Even that failed to draw her attention––allure of virtual worlds rendered her deaf to the feral wind I’d blown in on. Once upon a time, myriad telenovelas played out through the illuminated panes of this lonely old block. Now peoples’ lives were lived elsewhere, curated––two-dimensional as the goggle lenses and tablet screens that severed their worlds from the real one.

How was I expected to warn them when they’ve donned their bits and blinders and plugged cotton in their ears so willingly? I pounded on the window until fractured webs erupted across the glass. That got her attention.

We locked eyes, her gaze fierce, as if the world was a mild annoyance. I smiled to assure her––placed a finger to my lips.

“Press your ear to the window,” I hissed.

She shrieked. Her tablet cam flash bathed the room in stark light; she snapped a candid of the face in her window too high up for faces to be there.

She flung back the covers. She made for the stairs. Hallway light flooded the room. I’d blown it. Things needed to simmer down. There would be other chances––just not too many of them.

Frustrated, I returned to the clubhouse. I tore down the boy’s abhorrent drawings. I nested among them and waited for morning.

Predawn. The porchlight winked and the backdoor whinnied––husband departed to earn his keep. His briefcase left him slump-shouldered. His gobble neck was razor burned. It spilled over his starched collar. He slurped a coffee thermos. The heinous sound made me second-guess whether I wanted to warn them at all.

An hour or so after daddy, wife and whelps followed. The kids were all backpacks and frowns. They’d be their father given another couple decades to gestate. Unlikely.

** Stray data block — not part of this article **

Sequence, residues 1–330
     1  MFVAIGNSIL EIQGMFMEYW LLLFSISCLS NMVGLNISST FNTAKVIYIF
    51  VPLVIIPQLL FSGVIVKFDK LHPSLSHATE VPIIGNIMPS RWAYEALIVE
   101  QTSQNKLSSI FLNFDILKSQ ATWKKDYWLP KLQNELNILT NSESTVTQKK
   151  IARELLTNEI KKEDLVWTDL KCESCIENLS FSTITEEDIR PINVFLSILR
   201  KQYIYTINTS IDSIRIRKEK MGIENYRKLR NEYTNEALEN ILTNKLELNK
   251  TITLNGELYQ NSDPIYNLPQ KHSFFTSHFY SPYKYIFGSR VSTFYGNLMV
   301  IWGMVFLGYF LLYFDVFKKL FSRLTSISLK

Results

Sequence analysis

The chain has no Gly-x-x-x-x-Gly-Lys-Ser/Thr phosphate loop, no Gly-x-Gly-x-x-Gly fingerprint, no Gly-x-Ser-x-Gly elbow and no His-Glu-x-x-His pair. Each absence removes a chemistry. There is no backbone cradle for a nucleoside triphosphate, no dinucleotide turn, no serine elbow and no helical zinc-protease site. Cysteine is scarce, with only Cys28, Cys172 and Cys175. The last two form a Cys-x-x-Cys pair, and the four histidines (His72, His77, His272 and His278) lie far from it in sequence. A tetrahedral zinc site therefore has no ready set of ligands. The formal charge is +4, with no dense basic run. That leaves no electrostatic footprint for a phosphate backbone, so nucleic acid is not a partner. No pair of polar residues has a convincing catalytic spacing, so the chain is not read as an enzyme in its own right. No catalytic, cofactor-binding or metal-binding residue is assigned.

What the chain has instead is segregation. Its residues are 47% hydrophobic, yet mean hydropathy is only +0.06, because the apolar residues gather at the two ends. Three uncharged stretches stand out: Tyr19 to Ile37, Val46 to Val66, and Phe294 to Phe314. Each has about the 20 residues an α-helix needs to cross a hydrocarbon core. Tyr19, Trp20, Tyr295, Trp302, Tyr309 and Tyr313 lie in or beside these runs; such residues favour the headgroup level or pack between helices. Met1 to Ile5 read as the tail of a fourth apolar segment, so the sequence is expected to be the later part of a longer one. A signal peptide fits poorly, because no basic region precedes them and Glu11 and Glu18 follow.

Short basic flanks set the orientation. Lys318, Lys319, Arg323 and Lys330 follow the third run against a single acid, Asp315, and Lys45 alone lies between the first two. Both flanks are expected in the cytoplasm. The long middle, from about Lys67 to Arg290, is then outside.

The wife wore pajama bottoms that sagged just below the sag of her belly. She was a lioness among jackals. Chunky black sandals housed freshly painted toenails, toes pinched cotton balls.

She duckwalked to the driver’s side door. No wedding ring. She returned after depositing the whelps at school.She dashed inside. Running late again.

It was no small task, driving the nails I’d pried from the treehouse into her tires. She reemerged soon after. She sported a polyester pantsuit pinned with a nametag.

She fired the engine. The deflated car labored slow as a salted slug, rims squealed against driveway asphalt. Naked fingers punished the steering wheel.She phoned Triple A. She disappeared back inside. A van arrived within the hour. A man with massive, silver-haired forearms swapped out the flats and sent her on her merry way.

I’d tried. Abandoned, again. The house. Me. All of it.

The slats of the dormer window above the garret bedroom were splintered with a few stubborn spit curls of peeled white paint––a forgotten nook of the universe unchanged since I’d lived there. The slats shattered like icicles beneath my hooves. I wriggled inside.

It smelled of mold and ammonia in that secret triangle above the garret bedroom. They’d left the old wardrobe untouched. There was something curled up behind it, betrayed by its tattered tail, tireless––unbreathing. I pounced. I would get it before it got me.

It was only a blanket. My blanket, crocheted, motheaten, peppered with rodent droppings––foul-smelling. I’d slept up here often when…no matter when…but often, when life in the rest of the house had stopped feeling like living at all. I unfurled the blanket. A litter of squirrel kits had burrowed inside for their last, long nap––quartet of mummified thumbs with eye sockets, teeth, and tails.